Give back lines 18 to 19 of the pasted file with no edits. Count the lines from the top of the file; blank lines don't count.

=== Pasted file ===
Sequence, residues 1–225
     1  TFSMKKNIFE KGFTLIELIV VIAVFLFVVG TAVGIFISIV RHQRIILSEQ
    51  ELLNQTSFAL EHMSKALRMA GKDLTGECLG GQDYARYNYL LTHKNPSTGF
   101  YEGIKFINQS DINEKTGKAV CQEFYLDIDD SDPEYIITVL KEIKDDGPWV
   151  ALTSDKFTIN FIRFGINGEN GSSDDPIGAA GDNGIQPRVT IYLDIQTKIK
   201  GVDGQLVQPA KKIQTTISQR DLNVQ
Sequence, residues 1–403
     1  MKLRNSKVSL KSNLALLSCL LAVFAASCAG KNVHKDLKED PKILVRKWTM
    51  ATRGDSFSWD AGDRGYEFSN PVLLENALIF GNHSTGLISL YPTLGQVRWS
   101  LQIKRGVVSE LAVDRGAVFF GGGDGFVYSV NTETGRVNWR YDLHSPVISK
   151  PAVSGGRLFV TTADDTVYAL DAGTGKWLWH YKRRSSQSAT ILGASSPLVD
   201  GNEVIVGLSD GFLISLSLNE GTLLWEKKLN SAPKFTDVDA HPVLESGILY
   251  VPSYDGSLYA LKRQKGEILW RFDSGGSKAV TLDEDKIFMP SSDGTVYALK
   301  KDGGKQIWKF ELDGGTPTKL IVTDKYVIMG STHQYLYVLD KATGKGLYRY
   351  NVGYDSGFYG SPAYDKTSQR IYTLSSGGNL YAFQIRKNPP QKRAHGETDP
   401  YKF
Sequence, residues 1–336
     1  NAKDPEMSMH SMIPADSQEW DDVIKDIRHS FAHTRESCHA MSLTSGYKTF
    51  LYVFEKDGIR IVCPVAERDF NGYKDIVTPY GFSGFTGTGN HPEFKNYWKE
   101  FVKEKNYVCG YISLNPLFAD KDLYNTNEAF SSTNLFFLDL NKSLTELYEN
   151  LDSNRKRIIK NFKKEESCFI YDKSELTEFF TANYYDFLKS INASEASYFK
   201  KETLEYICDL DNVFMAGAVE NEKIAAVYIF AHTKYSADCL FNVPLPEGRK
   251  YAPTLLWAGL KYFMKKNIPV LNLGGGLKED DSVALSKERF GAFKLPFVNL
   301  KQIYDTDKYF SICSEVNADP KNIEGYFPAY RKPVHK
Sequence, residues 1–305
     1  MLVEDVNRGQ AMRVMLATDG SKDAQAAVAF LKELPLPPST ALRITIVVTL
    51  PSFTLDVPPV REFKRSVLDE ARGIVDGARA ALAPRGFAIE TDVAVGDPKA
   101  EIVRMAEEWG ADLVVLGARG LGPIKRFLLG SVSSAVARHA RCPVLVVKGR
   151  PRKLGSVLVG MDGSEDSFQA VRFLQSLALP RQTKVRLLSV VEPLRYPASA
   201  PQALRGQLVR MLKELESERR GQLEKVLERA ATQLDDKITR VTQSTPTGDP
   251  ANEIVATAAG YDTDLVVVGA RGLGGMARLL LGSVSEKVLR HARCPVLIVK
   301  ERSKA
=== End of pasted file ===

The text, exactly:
     1  NAKDPEMSMH SMIPADSQEW DDVIKDIRHS FAHTRESCHA MSLTSGYKTF
    51  LYVFEKDGIR IVCPVAERDF NGYKDIVTPY GFSGFTGTGN HPEFKNYWKE